From a performance view point which is better:

Set<String> uniqueStrings = new Set<String>();

// Keep checking for null and then add to Set
for (Integer i = 0; i < 100; i++) {
    if(somevalue !== null){

// Add everything to Set and then remove null at the end
for (Integer i = 0; i < 100; i++) {

In my view as we have an conditional statement inside for loop, that should increase time-complexity. But the later should not. Any thoughts?

1 Answer 1


Your gut feeling is somewhat correct. It's hard to get precise measurements because of the nature of how Apex executes on a shared resource, but generally speaking, if you anticipate less than about 50 values, using the if statement is very, very slimly faster (~1/100th of a second), and for about every ~200 values, the if statement version takes longer than the remove-null-at-end by another millisecond or so.

The if statement has a small advantage with a low amount of data, because hash codes take time to compute, but this is later dwarfed by the sheer number of if statements evaluated. Thus, from a performance optimization point of view, the answer is essentially "it doesn't matter which you use."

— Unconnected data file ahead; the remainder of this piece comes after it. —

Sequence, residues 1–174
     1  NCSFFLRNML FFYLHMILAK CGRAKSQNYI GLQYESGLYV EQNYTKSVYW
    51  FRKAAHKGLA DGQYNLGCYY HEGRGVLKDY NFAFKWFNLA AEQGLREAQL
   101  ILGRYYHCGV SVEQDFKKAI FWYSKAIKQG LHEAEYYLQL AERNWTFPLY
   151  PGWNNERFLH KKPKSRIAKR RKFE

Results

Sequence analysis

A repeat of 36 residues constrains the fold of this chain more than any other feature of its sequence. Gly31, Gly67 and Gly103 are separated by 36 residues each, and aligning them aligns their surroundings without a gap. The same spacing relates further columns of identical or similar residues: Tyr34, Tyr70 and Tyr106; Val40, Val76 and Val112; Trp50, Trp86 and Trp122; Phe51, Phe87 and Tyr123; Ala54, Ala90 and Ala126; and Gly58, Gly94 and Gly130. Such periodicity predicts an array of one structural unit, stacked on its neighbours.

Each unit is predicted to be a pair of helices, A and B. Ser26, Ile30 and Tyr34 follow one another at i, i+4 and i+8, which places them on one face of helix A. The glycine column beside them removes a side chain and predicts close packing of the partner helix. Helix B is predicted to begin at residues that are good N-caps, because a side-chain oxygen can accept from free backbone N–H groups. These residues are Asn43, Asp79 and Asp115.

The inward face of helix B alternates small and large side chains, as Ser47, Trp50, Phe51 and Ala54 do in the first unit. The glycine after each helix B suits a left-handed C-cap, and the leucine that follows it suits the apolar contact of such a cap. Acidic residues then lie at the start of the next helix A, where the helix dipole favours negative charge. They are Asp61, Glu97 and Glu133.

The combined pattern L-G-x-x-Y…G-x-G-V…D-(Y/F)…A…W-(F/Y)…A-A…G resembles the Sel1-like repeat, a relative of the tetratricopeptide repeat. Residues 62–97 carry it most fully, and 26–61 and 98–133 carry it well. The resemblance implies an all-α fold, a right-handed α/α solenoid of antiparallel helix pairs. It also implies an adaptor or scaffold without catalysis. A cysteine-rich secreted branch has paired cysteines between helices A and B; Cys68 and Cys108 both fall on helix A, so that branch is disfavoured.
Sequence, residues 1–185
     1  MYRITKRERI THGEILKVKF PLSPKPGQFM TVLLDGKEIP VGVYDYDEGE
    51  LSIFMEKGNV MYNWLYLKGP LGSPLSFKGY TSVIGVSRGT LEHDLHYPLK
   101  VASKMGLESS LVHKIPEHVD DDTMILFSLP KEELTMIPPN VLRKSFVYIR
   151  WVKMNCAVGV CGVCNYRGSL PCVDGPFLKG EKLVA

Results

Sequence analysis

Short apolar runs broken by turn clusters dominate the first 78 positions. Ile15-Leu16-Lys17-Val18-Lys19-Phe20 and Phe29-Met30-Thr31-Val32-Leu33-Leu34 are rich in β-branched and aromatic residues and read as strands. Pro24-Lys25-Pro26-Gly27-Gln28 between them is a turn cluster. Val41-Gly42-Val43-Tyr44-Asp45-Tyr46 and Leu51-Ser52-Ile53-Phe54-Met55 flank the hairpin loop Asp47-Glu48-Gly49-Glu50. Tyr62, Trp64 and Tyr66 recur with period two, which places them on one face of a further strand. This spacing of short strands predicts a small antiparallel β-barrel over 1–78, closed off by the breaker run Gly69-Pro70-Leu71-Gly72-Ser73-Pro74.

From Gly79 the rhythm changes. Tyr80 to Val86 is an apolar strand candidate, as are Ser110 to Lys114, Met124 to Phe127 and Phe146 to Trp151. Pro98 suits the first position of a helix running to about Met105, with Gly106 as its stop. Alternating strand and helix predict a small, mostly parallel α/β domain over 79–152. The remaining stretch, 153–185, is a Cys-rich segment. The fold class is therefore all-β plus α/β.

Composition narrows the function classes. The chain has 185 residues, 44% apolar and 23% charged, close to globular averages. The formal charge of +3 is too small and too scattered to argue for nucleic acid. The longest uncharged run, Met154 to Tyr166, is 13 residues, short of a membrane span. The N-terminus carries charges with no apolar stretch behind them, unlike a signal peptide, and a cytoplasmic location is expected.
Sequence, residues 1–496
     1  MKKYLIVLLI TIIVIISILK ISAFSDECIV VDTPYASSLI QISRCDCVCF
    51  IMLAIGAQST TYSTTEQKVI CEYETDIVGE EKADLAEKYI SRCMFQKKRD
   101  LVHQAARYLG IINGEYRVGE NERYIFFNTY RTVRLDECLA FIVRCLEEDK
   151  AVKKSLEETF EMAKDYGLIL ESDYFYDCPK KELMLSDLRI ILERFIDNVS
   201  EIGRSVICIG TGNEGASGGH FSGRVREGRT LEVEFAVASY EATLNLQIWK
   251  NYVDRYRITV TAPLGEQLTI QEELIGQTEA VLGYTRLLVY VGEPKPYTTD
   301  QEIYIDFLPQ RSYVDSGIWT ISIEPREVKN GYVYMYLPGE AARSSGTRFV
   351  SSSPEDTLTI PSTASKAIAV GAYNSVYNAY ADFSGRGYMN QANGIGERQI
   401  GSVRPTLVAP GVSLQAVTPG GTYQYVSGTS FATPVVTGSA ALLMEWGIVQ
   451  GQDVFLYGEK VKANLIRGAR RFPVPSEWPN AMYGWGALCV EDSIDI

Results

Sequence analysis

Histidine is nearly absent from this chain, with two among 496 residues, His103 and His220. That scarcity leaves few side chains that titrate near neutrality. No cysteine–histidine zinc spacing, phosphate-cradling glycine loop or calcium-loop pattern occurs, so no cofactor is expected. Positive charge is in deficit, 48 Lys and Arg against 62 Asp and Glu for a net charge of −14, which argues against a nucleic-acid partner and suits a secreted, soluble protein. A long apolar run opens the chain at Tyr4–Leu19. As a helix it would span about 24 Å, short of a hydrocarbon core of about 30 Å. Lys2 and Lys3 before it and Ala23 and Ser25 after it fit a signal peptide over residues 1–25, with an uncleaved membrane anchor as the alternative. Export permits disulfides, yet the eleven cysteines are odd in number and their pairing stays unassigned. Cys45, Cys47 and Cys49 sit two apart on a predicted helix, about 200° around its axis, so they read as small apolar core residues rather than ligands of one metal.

However, two important points to note, and this is why I always use the remove-null-at-end approach: cyclomatic complexity is reduced by 1, and the code is very slightly shorter, making it more legible. Using this pattern consistently would slightly reduce cognitive load, and make Apex PMD a little bit happier about one less branching statement.

If you're seriously hurting on CPU time, and you're looking for a quick fix, switching to remove-null-at-end won't help you; you'd need to be able to use it 20 times to even make a 1 second difference in CPU time, assuming 10,000 items in each pass, which is likely already going to blow up the CPU limits.

  • Thanks for detailed insights. Yes, looks like we cannot test the exact performance, but only depend on theory here. Apr 9, 2021 at 7:50
  • 1
    @NagendraSingh I did do some testing, averaged some numbers together, it's more of a working theory than a hypothetical theory.
    – sfdcfox
    Apr 9, 2021 at 9:04
  • Ok, thanks that's helpful. Apr 9, 2021 at 9:09

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